It is as if feminism lost its way, fell asleep and woke up in a Bangkok cathouse.

What seems to be a desire to be demeaned extends well beyond young girls, visit the city any day and you will see women, old enough to know better, travelling to work in suits which are too short and too small to qualify as smart, and who no doubt wonder why there is still a glass ceiling.

In politics, similarly embarrassing spectacles can be seen, does our Home Secretary, Jackie Smith really believe she can be taken seriously, reading some statement on terrorism or social upheaval, when her exposed cleavage fills most of a wide angle TV screen, or do ambitious ministers like Caroline Flint really expect to be viewed as anything other than a token women when she wears skirts split to areas best left to the contemplation of one's gynaecologist?

I am certainly not suggesting that western women embrace the burkah, but how can society, let alone male society, respect women who do not respect themselves. The English Rose of yesterday had self respect, yet one has to wonder if today's common ragwort, dressed in what amounts to little more than two band aids and a pocket handkerchief, even understands the concept.

This is a subject I have touched on before, the propaganda aimed at young women is so relentless one has to wonder if there is a deliberate aim to it. Does a nation fall when its women become whores? If that the game plan? For that certainly seems to be what is happening.

The male role model is also changing, but not to the same degree as the female, for every Ashley Cole or Pete Doherty, our celebrity culture still embraces a few remaining chiselled jawed men who would not took out of place in the company of Cary Grant and David Niven. But where are the Ann Todds, the Margaret Lockwoods the Joan Greenwoods or indeed the Deborah Kerrs? How often does one see a female celebrity under 50 who could be fairly called a lady?. There may be some but there are not many left and they do not appear in the magazines our children read or the TV shows they watch.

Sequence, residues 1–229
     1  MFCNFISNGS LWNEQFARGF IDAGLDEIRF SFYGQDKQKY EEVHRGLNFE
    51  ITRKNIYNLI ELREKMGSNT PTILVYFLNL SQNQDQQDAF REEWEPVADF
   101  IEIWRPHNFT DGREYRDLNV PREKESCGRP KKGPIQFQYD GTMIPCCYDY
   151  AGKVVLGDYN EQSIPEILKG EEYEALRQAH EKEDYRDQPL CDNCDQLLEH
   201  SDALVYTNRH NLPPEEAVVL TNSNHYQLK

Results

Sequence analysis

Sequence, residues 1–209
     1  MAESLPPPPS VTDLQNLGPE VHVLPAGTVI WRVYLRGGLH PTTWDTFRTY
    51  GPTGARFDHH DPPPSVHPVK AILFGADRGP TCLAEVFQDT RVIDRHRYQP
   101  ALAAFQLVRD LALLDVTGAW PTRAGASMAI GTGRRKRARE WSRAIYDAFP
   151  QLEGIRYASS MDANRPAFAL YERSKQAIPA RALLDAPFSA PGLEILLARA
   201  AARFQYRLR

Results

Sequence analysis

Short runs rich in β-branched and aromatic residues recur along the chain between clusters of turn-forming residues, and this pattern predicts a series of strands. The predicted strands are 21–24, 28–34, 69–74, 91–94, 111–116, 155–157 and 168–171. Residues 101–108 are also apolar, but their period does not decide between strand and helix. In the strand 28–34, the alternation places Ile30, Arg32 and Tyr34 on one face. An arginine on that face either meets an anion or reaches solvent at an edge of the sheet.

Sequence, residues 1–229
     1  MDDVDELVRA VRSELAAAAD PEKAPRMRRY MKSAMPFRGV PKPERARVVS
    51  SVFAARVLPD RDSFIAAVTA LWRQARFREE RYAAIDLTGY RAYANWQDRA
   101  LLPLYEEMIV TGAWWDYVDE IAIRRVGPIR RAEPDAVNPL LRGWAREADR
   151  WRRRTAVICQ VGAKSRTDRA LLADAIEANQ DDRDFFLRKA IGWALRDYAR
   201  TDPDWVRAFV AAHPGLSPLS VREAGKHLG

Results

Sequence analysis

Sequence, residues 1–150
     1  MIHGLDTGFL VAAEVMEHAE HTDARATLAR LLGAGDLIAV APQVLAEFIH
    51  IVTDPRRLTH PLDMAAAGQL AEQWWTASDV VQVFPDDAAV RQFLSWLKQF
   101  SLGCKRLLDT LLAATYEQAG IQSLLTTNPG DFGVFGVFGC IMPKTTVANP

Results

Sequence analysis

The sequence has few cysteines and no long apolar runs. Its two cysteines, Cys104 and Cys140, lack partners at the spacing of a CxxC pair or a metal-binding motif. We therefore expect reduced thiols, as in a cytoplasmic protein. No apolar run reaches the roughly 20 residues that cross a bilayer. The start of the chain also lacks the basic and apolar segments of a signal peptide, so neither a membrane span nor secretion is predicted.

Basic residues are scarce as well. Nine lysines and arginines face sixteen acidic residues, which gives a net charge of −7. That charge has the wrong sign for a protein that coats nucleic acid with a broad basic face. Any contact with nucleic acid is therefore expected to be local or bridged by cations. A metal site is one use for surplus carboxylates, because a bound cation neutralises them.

In an age when the queen's own granddaughter (allegedly) cavorts in the nude and ogles black men we must sadly accept that the the English Rose has become an endangered species whilst the common ragwort thrives in plague like proportions.

NB: This post should in no way be seen as a comment on the excellent English Rose blog which remains highly recommended


Editor said...

quite, quite brilliant

Sarah Maid of Albion said...

Thank you Mr C, you are very kind


Robert said...

Lovely essay.

Harry J said...

Have you seen the absolutely delightful Gemma Arteton who plays the lead role in the BBC's recent adaptation of Tess of the D'Urbevilles? An English Rose if ever there was one.

alanorei said...

"the slatternly Cheryl Cole"

About sums it up, I think. She and Ashley deserve each other - though I guess it won't be long before he steps out on her again.

The cheapening of young white women in this and all English-speaking countries is typified by the tabloid pronorgraphy established by Rupert (Reptile - Genesis 3:1, occurring on page 3 of any bible, which is significant) Murdoch and, regrettably, sustained largely no doubt by the English-speaking, white male reader and viewership.